Nissan, Volkswagen and Daimler to tweak their badges for Indian market
India's love for value and price sensitivity is leaving its imprint on car branding. Top multinational carmakers like Nissan, Volkswagen and Daimler are either cranking out India-specific brands or lining up their global no-frills badges for this market. Last week, top officials from Volkswagen told global media that the German major is looking into the possibility of developing a low cost, no-frills car in China to be sold across all BRIC markets. Nissan has already announced the resurrection of the Datsun brand for markets like India and Indonesia and Russia.
Sister company Renault debuted in India with a product from its Dacia no-frills stable (Logan) and its current bestseller Duster is another Dacia product. Others like Hyundai and Toyota have toyed with the idea of introducing the Kia and Daihatsu brands in India while Daimler Commercial Vehicles has created the Bharat Benz brand specifically for India. Even GM has started rolling out products from its Chinese JV in the Indian market though under Chevy badging.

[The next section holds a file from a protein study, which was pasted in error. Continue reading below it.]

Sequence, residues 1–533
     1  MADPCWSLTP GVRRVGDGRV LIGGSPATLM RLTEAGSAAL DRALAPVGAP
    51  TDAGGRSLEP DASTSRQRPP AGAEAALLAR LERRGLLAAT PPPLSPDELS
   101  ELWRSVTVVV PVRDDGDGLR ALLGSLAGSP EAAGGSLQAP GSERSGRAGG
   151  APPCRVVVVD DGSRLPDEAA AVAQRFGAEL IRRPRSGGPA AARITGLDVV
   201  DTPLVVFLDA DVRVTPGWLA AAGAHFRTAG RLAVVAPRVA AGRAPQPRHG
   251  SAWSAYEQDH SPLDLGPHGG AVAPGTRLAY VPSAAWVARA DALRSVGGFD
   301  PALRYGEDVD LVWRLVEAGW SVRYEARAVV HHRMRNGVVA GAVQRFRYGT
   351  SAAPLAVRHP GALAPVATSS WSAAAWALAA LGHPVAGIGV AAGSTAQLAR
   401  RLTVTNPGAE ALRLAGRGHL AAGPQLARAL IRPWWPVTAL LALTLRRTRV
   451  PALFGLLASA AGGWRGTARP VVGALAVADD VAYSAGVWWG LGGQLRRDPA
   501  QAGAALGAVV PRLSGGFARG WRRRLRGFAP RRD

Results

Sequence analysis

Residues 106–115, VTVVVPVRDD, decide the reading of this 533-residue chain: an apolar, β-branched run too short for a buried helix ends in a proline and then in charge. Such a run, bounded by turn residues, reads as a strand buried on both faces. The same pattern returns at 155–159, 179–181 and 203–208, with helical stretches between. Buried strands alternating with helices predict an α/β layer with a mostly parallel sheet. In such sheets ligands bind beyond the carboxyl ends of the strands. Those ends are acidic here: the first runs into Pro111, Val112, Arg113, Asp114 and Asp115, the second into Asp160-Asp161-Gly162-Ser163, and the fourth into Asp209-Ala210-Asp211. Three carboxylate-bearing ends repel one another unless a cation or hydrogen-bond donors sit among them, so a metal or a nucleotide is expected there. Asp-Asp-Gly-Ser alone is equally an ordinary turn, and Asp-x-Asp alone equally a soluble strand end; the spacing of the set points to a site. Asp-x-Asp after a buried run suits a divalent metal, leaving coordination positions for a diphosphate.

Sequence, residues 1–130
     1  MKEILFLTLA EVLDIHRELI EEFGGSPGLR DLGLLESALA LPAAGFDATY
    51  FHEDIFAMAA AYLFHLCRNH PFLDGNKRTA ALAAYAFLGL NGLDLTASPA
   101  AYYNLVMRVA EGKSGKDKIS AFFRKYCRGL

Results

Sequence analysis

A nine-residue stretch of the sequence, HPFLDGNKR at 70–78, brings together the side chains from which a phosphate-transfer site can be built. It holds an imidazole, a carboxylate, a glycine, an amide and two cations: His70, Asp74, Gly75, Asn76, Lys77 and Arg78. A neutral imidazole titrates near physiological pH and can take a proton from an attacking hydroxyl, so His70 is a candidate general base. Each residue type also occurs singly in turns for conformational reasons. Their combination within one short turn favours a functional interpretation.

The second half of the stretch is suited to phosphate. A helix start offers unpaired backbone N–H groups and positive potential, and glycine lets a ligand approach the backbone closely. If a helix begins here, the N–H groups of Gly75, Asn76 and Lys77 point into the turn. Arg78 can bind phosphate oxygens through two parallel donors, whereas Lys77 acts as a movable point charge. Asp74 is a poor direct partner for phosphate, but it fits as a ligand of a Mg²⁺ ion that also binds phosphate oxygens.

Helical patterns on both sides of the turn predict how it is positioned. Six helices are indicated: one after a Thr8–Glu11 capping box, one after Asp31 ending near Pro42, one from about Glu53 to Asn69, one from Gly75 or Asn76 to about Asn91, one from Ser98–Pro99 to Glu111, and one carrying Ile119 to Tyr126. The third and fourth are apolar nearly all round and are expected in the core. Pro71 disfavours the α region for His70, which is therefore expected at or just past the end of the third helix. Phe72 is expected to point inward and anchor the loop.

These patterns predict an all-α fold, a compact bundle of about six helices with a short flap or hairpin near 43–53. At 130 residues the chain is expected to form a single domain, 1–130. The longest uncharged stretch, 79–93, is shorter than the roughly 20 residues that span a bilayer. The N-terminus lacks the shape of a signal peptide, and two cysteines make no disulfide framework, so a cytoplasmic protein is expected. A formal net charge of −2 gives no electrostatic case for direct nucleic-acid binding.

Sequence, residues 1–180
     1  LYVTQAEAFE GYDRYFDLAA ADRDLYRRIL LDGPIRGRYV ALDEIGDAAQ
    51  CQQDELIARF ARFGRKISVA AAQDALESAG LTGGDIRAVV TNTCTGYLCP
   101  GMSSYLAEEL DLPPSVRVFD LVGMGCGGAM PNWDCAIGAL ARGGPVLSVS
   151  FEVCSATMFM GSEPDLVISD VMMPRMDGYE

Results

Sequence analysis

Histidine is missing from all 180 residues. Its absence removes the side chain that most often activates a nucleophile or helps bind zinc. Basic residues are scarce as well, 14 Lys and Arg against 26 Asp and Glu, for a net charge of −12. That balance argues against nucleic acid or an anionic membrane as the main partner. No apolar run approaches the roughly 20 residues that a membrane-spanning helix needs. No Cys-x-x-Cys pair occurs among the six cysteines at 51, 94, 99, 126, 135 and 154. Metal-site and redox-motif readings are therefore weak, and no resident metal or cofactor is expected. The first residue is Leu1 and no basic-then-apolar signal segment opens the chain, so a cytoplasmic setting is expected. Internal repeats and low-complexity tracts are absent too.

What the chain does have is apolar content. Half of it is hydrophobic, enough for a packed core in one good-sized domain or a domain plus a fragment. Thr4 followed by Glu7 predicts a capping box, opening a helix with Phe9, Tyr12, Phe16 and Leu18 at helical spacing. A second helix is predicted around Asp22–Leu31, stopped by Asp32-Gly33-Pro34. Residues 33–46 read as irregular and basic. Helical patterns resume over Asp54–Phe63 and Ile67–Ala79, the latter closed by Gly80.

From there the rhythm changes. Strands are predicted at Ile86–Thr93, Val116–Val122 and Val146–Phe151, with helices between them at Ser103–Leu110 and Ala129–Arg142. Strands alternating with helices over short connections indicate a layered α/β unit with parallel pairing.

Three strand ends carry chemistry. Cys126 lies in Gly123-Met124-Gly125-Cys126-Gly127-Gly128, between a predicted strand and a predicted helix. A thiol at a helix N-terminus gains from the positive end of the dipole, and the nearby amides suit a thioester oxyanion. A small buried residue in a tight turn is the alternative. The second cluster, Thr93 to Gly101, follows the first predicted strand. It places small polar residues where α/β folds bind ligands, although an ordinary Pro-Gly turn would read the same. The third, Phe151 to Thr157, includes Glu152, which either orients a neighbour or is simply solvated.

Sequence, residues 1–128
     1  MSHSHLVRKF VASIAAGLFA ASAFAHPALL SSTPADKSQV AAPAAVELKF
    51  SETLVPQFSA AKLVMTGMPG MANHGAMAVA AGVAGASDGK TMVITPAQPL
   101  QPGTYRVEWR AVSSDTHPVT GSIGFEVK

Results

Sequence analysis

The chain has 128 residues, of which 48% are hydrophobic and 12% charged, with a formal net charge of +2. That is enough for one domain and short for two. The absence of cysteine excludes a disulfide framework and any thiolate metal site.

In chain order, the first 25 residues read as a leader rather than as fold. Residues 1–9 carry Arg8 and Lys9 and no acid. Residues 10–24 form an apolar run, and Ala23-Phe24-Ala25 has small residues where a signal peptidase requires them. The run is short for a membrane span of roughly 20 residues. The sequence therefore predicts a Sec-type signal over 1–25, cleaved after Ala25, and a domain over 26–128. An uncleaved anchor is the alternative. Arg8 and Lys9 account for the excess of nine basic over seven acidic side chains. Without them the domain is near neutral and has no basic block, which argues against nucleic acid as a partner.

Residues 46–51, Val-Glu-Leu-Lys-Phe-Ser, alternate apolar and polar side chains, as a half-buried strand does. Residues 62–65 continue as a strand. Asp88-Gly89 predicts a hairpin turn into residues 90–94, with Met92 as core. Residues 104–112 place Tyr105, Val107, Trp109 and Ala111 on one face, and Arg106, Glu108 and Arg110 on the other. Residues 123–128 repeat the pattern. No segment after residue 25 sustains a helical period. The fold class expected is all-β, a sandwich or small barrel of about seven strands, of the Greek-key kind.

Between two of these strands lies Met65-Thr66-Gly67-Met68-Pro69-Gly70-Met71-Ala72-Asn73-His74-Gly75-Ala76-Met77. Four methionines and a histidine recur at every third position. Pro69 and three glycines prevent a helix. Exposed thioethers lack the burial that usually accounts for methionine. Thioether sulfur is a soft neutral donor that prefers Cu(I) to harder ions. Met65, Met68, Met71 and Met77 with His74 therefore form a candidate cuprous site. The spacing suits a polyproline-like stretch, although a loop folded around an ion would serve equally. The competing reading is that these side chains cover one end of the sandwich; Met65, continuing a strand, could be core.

Rakesh Batra, India automotive sector national leader, Ernst & Young, said, "Multinational car companies don't want to dilute the mother brand by offering products at significantly lower price points for the Indian market which is very price sensitive." The no-frills option is both a branding as well as a product option for car MNCs. "Datsun is a global brand, with local products. It is not necessary that global cars can succeed in all markets. For some markets, we need specific local products. This is where we believe Datsun brand will come to help us in India. Nearly 2,000 engineers are working in our Chennai design centre getting the India specific Datsun ready. It is also a myth that just a cheap car will sell in India. Datsun will be entry for a customer to get into our family as he moves to Nissan next and possibly Infiniti (the luxury car brand of Nissan)," Toru Hasegawa, Corporate VP, Africa, Middle East and India, Nissan Motor Company said.